The Lingering of a Fragrance

Catherine attracted men, drew them to her like the latest model sports car, with her classic good looks, smooth lines, glossy curves, supple skin, and a powerful engine. Her scent was not that of new car though, it was a subtle hint of France that came from a cut glass atomizer. Her fragrance was only a small part of her charm. She spent a lifetime honing her skill and even with advanced dementia, she practiced her craft with precision and a depth of proficiency that was buried so deep in her psyche that it survived the disorientation.

She mesmerized.  I watched her sometimes as she cocked her head to one side, and smiled at her catch, a male visitor or a student, never another resident of the nursing home.  She gained his attention with a lipstick framed smile and then pointed at him with a manicured finger whose nail was the same hue as her lips. She’d turn her hand over and beckon with an index finger in a come-hither crook. It never failed, never. The gentleman in question, magnetized by her magic, sauntered over to her wheelchair, bowed down to her, grasping that dainty hand in his and asked her what she needed.  She tittered, pulling her free hand to her mouth and lowered her eyes only to peer out at the man from under her lashes.  Sometimes a lost look of confusion brought him to her; sometimes it seemed nothing at all drew him near.

At eighty she maintained a relationship with a man on the outside. He was ten years her senior and drove twenty miles to visit her twice a week. He carried a wicker basket covered in a linen cloth in one hand, and a cane in the other. He dressed in tweed jackets, sported a silk tie and a pencil thin white moustache.  Catherine’s face broke into brilliance when she saw him. She’d lift her hand to her hair, as if to put stray pieces back into place, turn her face up to him, purse her lips and wait for him to bend down to the wheelchair and kiss her. “I’ve been waiting,” she’d say.

He’d locate a quiet corner for two. The cream colored linen cloth covered the top of a small institutional table. Crystal candlesticks, English china plates with pastoral scenes, sterling flatware, and cloth napkins graced a table in accordance with Catherine’s station, and for her pleasure. Her ease was the sound of her sigh as she spread the napkin in her lap.  The two of them conversed in quiet tones. At times the baritone of his laughter mixed with the lilt of hers and heads turned.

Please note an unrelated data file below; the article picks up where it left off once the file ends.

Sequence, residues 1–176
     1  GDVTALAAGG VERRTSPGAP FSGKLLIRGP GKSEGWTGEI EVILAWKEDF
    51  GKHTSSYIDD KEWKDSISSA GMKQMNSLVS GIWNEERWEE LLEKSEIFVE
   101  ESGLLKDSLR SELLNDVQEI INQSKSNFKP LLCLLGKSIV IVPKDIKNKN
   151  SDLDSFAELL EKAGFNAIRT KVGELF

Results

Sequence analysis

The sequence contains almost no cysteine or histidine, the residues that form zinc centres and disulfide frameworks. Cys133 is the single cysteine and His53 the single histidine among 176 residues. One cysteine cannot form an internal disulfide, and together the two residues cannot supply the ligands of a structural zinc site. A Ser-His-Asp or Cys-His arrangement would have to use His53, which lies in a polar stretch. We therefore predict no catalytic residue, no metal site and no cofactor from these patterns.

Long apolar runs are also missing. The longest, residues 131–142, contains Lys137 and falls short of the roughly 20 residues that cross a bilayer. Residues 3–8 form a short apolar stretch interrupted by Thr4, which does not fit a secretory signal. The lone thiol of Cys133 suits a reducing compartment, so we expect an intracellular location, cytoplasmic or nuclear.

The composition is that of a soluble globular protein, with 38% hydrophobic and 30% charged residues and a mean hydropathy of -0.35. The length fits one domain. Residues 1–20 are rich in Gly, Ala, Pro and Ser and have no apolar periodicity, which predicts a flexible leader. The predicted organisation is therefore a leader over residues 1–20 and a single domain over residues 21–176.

Years before, she had married a shipping magnate, and although she’d been divorced from that husband for years, and remarried several times, she kept his last name, not so much because she loved him, but because the prestige of his moniker served her well in her independent life as a graphic artist, writer, and world traveler. She grew up in small-town Ohio, not well-to-do,  but through her own ingenuity and tenacity, she  built a life and a name for herself.

I met her when she arrived at the nursing home, the angriest person I’d ever seen.

“Take your hands off me,” she hissed at the young nurse who’d come to show her to her room. Catherine jerked her elbow away from the smiling caregiver.  “I’m perfectly capable of walking independently.” She’d gathered the front panels of  her coat closer to her, adjusted the purse on her arm, lifted her chin, set her mouth in a straight line, and teetered on her heels down the hallway. No matter the approach from staff members, she maintained the upper hand, not letting them care for her without suffering the consequences of her forced immodesty.

Some caregivers sneered at her elevated sense of self, others smiled in admiration at her resolve.

She was a little over five feet tall, thin, with white hair, cut in a stylish bob. Her lipstick, eyeliner and rouge were impeccably applied. She didn’t leave her room without a glance in the mirror, a hand to her hair, or an adjustment to her silk scarf.  The memory of her appearance hadn’t escaped her, nor had her sense of style, a classic elegance, everyone admired. A mink stole hung in her closet; earrings, necklaces and rings vied for attention in her jewelry box and silk stockings shared a drawer with lacy under-things. She was not too old for romance.

In the end, her words lost all coherence, but her gestures and facial expressions maintained their meaning and charm. Catherine died Tuesday.

Her estranged son wanted none of her belongings. Staff members sat on Catherine’s bed, surrounded by her beautiful things. They held small scraps of fabric that had touched Catherine and cried. I couldn’t go into her room. It was too hard.  I’d remember our chats together over cups of tea and be happy for the memory.

That evening, when I left work, I found Catherine’s small pine lingerie chest beside the dumpster. It was falling to pieces, not much more than a pile of sticks and a few drawers. I couldn’t leave it there for the trash man to pick up.

I stacked the pieces in my car and carried them home.

Bruce met me at the garage and peered into the back of the car. “What have you brought home now?” He asked.

“I was hoping you and I could piece it back together.” I said.

He sighed as he’s done before when I’ve tried to hold onto a memory. He didn’t know Catherine, but he helped me unload the chest and we spent the evening interconnecting the parts, gluing the sections together, clamping and reinforcing that which had come undone.

I was wiping off the top with a soft rag when Bruce picked up one of the drawers to slide back into its place. He stopped and drew the rectangular box shape to his face. He closed his eyes and breathed in. “Perfume,” he said, looking at me.

“Catherine,” I answered.

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